With Isaac's Storm, his well-spun story of the 1900 hurricane that destroyed Galveston, Texas, Erik Larson established himself as a leading author of narrative history. He followed with the highly praised The Devil in the White City, a book that wove together the stories of a visionary architect and a mass murder at the 1893 World's Columbian Exposition in Chicago. Interest in Thunderstruck, his story about the development of radio and the capture of a murderer, waned rather quickly, but with In the Garden of Beasts: Love, Terror, and an American Family in Hitler's Berlin, Larson has recaptured the attention of readers. The book has been on many best sellers lists since April, and reserve lists at libraries are long. I enjoyed all four books.
I have heard readers say that In the Garden of Beasts takes a little more effort to read and that they needed more breaks in reading than they needed for previous books. I suspect this might be true as there are many German military and government officials, foreign diplomats, and U.S. State Department officers introduced in the first half of the book. A reader with prior knowledge of key players in German and World War II history will have an easier time remembering who was assisting and who was opposing the work of academically-minded American ambassador to Germany William E. Dodd, a man who hoped to quietly help the German government rid itself of Adolf Hitler and the Nazis. His flirtatious daughter Martha also had a large number of friends and suitors. A reader who can accept not remembering every name will enjoy the story more.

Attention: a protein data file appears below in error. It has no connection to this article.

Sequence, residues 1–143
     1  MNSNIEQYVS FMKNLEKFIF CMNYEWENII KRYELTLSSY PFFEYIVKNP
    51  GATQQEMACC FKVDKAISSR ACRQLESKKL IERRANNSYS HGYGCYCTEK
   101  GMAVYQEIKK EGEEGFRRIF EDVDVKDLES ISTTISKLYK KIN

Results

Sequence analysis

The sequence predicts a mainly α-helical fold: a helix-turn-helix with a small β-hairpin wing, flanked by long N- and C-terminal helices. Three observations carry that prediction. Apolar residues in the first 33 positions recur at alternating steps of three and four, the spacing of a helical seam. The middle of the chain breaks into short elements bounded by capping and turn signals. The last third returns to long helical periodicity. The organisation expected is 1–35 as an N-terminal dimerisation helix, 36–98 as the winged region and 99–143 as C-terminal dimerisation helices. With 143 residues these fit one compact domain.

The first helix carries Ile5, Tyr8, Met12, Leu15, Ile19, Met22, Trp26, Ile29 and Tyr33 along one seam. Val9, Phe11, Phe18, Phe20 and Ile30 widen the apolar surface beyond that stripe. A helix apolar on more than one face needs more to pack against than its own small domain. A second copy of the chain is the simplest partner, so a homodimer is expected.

In In the Garden of Beasts, Larson takes readers back to 1933 and 1934, a time when few people in the international community were concerned about Hitler and the Nazi Party. Ambassador Dodd anticipated an easy assignment. The State Department was mostly concerned with the German government paying its debts to American financiers. The American public wanted to recover from the Great Depression and paid little attention to foreign news. Those who did read the news saw Nazi restrictions on Jewish life as little different than Jim Crow laws in the U.S. The seriousness of the situation slowly dawned on Dodd, but officials in Washington were not sympathetic to his reports. They would not even issue travel warnings when American citizens were being beaten by Storm Troopers.
With the mass executions of June 30, 1934, Hitler revealed his full intent to govern Germany absolutely. As Larson tells the story, I wondered how the world could still doubt Hitler's dictatorial abilities and mad ambition. In the Garden of Beasts is a revealing look at a time that is mostly forgotten.
Larson, Erik. In the Garden of Beasts: Love, Terror, and an American Family in Hitler's Berlin. Crown, 2011. ISBN 9780307408846.